Age cannot wither Bernard Fevre - Lucifer Is A Flower, apparently the final Black Devil record, is an unalloyed joy from start to finish. You probably know the BDDC story by now, library composer Fevre producing an analogue space disco classic in 1978 then virtually forgetting about it as its subterranean influence spread through Italo Disco, until it was then rediscovered by Aphex Twin – picked up by an associate at a car boot sale - and reissued on the Rephlex label in 2004. Fevre was inspired to make new music. After the feature-studded Circusfrom 2011 (Afrika Bambataa, Nancy Sinatra, Faris Badwan), 2013’s Black Moon White Sun was a return to solo work. Lucifer Is A Flower has all the hallmarks of Black Devil – chunks of primary-coloured synths, a thumping kick, congas, charmingly effected-but-unaffected vocals, a playful approach to genre (cf the shimmying ‘Bossa Snooze’) and sheer joie de vivre. Where once he anticipated Balearic classics like ‘Sueño Latino’, he now makes music that’s reminiscent of them, but it’s always been by pursuing his own logic and sticking to his guns. And ‘Caresse Un Opossume’, with its squelchy bass and toytown house vamps, also has my favourite song title of the year so far.

Zuukou Mayzie - Primera Temporada
(667/Jeune à Jamais)

Among the members of the Franco-Senegalese 667 crew that features fellow rappers Freeze Corleone, Lala &ce and Slim C, Zuukou Mayzie stands out for his warm, relaxed delivery, cinematic inspirations and a lushness and variety that feels fairly removed from the icy beats of a typical Corleone production. Primera Temporada means ‘Season One’ in Spanish and rounds up series of tracks released over the course of last year. They range from the synth shimmer of ‘Vincent’, ‘Pretty Boy’s hazy R&B, the glistening trap-pop of ‘Cerf Volant’ and even what sounds like a Neptunes tribute on ‘Vesta Patta’. And latest single, the Bruce Lee-quoting ‘Be Water ;)’, (released after the album), proves he can do dark and minimal too, its cold bounce augmented by an ominously warped synth that’s been snipped from a Flume remix of Seekae’s ‘Test & Recognise’.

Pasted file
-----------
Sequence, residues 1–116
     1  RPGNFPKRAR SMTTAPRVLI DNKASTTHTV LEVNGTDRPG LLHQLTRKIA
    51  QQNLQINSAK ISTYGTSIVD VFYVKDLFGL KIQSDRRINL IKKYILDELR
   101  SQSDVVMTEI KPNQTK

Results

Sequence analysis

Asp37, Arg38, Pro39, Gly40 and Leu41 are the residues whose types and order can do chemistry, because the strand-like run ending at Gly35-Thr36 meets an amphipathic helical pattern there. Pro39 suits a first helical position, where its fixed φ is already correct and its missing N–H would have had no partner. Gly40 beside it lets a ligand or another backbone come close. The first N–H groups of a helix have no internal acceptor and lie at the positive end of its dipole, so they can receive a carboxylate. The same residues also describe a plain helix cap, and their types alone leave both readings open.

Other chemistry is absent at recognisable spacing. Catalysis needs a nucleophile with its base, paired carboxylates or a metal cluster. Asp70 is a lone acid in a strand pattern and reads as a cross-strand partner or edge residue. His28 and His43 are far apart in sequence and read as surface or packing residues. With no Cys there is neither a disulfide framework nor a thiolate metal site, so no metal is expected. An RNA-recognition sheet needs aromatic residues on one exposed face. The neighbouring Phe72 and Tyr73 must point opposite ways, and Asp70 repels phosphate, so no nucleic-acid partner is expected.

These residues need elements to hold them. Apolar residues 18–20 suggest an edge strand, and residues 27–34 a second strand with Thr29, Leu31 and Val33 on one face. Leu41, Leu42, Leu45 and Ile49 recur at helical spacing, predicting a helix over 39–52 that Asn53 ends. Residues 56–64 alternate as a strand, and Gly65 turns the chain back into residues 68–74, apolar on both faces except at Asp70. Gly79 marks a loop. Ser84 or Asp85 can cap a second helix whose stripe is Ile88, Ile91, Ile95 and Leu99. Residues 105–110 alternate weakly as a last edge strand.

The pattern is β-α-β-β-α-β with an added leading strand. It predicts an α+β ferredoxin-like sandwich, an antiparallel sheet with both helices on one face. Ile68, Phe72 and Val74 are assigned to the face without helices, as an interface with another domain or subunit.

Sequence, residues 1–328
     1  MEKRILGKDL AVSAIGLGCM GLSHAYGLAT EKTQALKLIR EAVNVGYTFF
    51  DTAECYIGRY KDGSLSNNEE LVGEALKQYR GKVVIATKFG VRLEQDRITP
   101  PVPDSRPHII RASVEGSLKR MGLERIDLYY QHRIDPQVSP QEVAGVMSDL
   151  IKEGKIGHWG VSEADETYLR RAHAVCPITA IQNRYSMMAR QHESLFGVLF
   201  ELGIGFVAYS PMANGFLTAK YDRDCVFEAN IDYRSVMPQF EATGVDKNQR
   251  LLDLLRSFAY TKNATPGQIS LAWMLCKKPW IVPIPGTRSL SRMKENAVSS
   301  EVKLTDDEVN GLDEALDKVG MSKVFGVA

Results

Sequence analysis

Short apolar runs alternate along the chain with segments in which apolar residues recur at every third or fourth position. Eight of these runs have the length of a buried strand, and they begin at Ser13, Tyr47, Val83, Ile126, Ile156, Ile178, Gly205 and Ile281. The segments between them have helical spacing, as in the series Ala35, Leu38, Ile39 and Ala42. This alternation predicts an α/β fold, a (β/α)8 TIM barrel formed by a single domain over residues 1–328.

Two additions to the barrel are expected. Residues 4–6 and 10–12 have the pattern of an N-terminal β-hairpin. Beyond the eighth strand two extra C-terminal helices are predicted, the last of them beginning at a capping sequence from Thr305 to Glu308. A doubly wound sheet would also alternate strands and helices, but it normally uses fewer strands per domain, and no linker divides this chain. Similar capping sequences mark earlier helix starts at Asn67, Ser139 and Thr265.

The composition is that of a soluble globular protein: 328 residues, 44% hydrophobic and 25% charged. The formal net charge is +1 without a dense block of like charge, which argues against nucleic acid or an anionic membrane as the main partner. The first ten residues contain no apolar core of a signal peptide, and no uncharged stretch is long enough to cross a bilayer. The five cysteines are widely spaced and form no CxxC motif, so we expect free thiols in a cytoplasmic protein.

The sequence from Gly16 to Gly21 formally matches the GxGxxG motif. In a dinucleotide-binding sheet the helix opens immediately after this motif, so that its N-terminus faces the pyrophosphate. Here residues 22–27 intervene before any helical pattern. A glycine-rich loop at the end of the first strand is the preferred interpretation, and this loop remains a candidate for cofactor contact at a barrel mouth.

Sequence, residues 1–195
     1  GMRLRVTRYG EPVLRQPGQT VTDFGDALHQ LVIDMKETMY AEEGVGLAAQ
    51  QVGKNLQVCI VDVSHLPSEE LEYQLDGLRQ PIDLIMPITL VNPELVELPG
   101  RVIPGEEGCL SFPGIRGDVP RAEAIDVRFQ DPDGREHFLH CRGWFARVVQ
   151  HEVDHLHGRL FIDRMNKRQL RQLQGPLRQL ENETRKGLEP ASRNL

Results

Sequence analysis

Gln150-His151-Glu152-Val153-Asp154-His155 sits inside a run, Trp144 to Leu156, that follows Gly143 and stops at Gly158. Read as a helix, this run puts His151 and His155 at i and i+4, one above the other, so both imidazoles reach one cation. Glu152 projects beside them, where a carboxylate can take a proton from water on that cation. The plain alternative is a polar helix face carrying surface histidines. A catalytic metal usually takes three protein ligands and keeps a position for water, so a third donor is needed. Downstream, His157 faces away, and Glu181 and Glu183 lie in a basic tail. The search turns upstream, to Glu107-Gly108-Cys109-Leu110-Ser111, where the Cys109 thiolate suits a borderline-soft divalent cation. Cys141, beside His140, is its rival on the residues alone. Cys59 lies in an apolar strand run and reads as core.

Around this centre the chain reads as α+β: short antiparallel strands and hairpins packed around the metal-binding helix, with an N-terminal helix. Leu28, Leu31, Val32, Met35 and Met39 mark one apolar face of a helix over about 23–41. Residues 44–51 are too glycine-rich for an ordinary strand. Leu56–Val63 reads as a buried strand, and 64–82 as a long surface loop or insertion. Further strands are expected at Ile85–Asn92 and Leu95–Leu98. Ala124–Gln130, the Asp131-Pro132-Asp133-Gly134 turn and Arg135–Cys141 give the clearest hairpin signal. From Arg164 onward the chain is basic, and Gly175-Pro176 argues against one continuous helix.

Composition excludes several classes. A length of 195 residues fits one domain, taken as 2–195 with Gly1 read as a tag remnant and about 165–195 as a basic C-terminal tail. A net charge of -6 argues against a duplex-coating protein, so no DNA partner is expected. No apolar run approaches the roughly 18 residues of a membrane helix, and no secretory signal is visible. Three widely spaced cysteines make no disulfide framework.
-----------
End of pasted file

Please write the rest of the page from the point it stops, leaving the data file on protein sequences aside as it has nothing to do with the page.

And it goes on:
Grand Veymont - Persistance & Changement
(Objet Disque/Outré)

A stunner here from duo GV (Béatrice Morel Journel and Josselin Varengo) following a self-titled release on Outré last year - 39 minutes and 3 seconds of patiently evolving Kraftwerk/Harmonia keyboards, flute and Béatrice’s gently lilting voice, both adrift and purposeful. ‘Persistence & Changement’ isn’t all sweetness and light either, the tension mounting during its middle section as the synth pulses turn to horror-soundtrack stabs and drums supply additional propulsion until the track finally emerges, blinking, from this tenebrous passage. Its title – persistence and change - refers to the band’s own modus operandi, and apparently to a 60s field recording from the Appalachian Mountains. Coincidentally, it also feels like a motto for the lockdown era.

La Preyra - OR | OS

A further sign that French folk is in rude health, courtesy of the excellent Pagans label (Super Parquet, France, Sourdure). This is the second album from the duo of Béatrice Terrasse, on vocals (plus cello and percussion) and Louis Jacques, who provides the rest of the instrumentation including banjo, bagpipes and organ. Theirs is an austere sound that gradually offers up its modal, melancholy pleasures - frequently Terrasse’s high and lonely voice is accompanied only by circular patterns from Jacques’ banjo - but this restraint bears its fruits in moments like the flurry of arpeggios that suddenly ripple through ‘La Delaissée’; ‘Le Jardin Des Amours’s sinister breaths and muted drone, with Terrasse floating in a pool of natural reverb, and the gorgeous organ arrangement of closer ‘Mâre, Maria Mè C’t An’. There’s awe and dread in these songs - ‘Reveillez-Vous Fidèles Voici Le Temps’ alerts earthly sinners to an “irritated” God’s imminent vengeance – but also the disappointments and pleasures of love (and food - “du vin et du jambon” shared with the subject of ‘Allons Mignonne’).

(Shelter Press)
Kassel Jaeger - Swamps/Things
(Shelter Press)

As well as drawing on visual art and experimental literature, Félicia Atkinson’s work is inspired by, and prompts, contemplation of our inner lives, the organic world around us and, perhaps, the possibility of life without us. Ben Vida’s accompanying blurb talks about “thresholds”, including the space between waking and sleep, but one can help think of the present time as one of those transitional moments too, a period which could give birth to positive, radical change, or accelerate the march towards extinction. The title track begins with a bass tone that crawls through your ear canals and fills your skull, accompanied by Atkinson’s impassive vocals. A little later: “The coming screams of the unborn/ the butterflies and the grains of sand/ there is no reason to talk/ neither to stay silent/ just a strange desire/ and the thirst of water.” Other voices join her among the marimbas, chimes and piano on ‘Transparent In Movement’, occasionally rising in a fuzzy chorus, but they sound distant and drained of their corporeality. Like memories or ghosts.